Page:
Data Handling is a process of organizing and presenting raw data in a form that can be used for fetching and inferring useful information. This data may comprise numbers, names, facts, or any other kind of description of the given entities. Data is commonly presented through graphs, tables, charts, etc.
Data is generally classified into the following two types:
Qualitative data denotes the non-countable features and traits of entities that cannot be measured or expressed in numbers. For example, colors, names, etc. On the other hand, quantitative data indicates measurable characteristics like length, width, height, etc. Further, quantitative data can be continuous or discrete. While the continuous data can take any value in the given range, the discrete data can only possess certain fixed values, such as the whole numbers.
Data is classified and tabulated to systematize comparison and utility of the collected information. Once the required data is gathered, it is then classified according to its similarities and dissimilarities. Classification implies the arrangement of data into homogeneous classes or groups based on distinct attributes and variables. The major types of classifications are as follows:
After classification, data is displayed and summarized in tabular format. The logical arrangement of data in rows and columns is called data tabulation.
When there is a need to examine a huge bulk of data, it is often grouped in specified ranges or class intervals. In other words, the ungrouped data refers to individual data points, whereas the grouped data is presented in a certain range of classes. The latter is preferably shown through frequency distribution tables, where frequency implies the number of observations for each specific group. The following tables illustrate an example of the frequency distribution of ungrouped and grouped data, respectively:
Marks Obtained | No. of Students (Frequency) |
15 | 3 |
19 | 4 |
20 | 4 |
8 | 1 |
11 | 2 |
22 | 1 |
Marks Range | No. of Students (Frequency) |
0-10 | 1 |
10-20 | 9 |
20-30 | 5 |
The above tables exhibit the marks obtained by 15 students. The ungrouped data is converted into grouped data by categorizing marks in fixed intervals of size 10. It is important to note that the upper limit of a class is not included in that interval. For instance, the students who scored 20 are counted in the interval 20-30 and not in the interval 10-20.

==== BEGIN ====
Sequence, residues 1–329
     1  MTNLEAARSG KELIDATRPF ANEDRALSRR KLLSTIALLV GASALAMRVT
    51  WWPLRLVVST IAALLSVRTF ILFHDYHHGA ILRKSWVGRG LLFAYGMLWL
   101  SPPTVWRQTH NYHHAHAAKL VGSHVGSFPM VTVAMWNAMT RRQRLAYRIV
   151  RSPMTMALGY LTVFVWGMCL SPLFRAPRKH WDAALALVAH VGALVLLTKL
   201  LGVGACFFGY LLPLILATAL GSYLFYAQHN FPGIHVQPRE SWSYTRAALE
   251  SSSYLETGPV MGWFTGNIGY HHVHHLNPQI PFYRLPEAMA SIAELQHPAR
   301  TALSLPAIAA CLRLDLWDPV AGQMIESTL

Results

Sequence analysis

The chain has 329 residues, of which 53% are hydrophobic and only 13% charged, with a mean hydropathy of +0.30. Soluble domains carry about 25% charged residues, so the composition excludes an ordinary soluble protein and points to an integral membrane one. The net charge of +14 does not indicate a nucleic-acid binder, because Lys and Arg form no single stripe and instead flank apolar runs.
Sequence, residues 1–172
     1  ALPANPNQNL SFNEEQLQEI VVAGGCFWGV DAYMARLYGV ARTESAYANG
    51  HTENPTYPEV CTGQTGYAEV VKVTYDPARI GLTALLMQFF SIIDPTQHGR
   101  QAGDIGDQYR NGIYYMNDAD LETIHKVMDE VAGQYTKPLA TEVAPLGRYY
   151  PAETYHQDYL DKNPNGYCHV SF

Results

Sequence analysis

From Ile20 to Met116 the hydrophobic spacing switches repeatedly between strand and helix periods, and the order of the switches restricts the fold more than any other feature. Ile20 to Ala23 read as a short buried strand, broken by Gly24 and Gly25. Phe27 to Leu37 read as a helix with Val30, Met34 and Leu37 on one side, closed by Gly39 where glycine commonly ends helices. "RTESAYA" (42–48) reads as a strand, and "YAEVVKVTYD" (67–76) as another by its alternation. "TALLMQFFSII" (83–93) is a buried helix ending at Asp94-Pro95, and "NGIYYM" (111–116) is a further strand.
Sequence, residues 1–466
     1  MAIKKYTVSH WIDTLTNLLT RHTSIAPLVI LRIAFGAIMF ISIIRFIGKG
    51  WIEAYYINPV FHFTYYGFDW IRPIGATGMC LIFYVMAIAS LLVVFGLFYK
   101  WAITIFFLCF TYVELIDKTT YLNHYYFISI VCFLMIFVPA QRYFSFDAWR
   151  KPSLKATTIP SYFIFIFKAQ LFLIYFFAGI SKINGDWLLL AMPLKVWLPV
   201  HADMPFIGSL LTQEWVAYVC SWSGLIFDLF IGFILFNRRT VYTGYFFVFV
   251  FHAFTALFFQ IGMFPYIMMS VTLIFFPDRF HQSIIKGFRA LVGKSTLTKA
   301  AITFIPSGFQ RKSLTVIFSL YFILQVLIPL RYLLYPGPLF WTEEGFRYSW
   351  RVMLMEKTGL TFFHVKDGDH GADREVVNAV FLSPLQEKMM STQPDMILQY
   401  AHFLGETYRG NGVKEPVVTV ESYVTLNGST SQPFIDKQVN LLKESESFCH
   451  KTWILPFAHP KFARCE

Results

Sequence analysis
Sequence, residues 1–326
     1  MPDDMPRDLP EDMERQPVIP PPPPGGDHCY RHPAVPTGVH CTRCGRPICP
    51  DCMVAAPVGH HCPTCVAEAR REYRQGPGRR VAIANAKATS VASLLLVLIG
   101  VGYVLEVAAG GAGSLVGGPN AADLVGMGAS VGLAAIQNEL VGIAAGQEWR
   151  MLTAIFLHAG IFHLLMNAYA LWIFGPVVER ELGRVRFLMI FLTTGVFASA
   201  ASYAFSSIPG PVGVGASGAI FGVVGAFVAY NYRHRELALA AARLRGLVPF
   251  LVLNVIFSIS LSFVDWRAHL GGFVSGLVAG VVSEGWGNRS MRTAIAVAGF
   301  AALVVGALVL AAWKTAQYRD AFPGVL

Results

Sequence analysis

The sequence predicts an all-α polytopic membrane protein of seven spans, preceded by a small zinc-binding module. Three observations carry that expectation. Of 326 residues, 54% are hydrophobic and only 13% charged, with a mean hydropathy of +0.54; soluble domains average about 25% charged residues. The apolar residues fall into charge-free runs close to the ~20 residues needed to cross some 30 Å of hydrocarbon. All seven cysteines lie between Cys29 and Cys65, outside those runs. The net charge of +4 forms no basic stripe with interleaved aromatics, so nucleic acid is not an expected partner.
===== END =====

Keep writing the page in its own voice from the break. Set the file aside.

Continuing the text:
The graphical representation is a diagrammatic organization of the given data. Some of its most popular forms are:
The representations mentioned above prove effective for any type of numerical data, which is why these are widely used in statistics.
A bar graph is the simplest means to represent any given data. In this, equally spaced bars vary in length/height as per the given variable’s value. Bar graphs can also be used to denote the frequencies of specific data.
The following diagram shows the number of cars that pass through a street X on three different days at particular time intervals:
For instance, 250 cars passed through the street X in the time interval 10-11 am on Saturday.
When a given data is represented in circle graphs or pie charts, each section of the particular chart shows a proportionate quantity of the whole. To draw a pie chart, you need to add data values to arrive at the whole number, which can be used to divide each value into corresponding angles of the circle. For example, in a class of 100, a teacher divided the students based on their favorite colors as follows:
Colors | No. Of Students |
Mud Brown | 25 |
Yellow | 15 |
Green | 15 |
Chocolate Brown | 20 |
Orange | 25 |
The pie chart for the above data can be drawn as follows:
The above diagram represents one of the simple pie charts with reasonable data, where each percentage value (in decimals) is multiplied by 360° to obtain the angle of the corresponding sectors.
Data handling is essentially based on the fundamental concepts of statistics. It is considered highly useful in different fields of mathematics, science, and engineering. Among various graphical representations, bar graphs and pie charts are the easiest and most popularly used modes of data handling. These prove quite efficient in analyzing prices, stocks, growth rates, and similar forms of data. Hence, it is crucial to understand the above-mentioned topics to make a mark in any professional domain.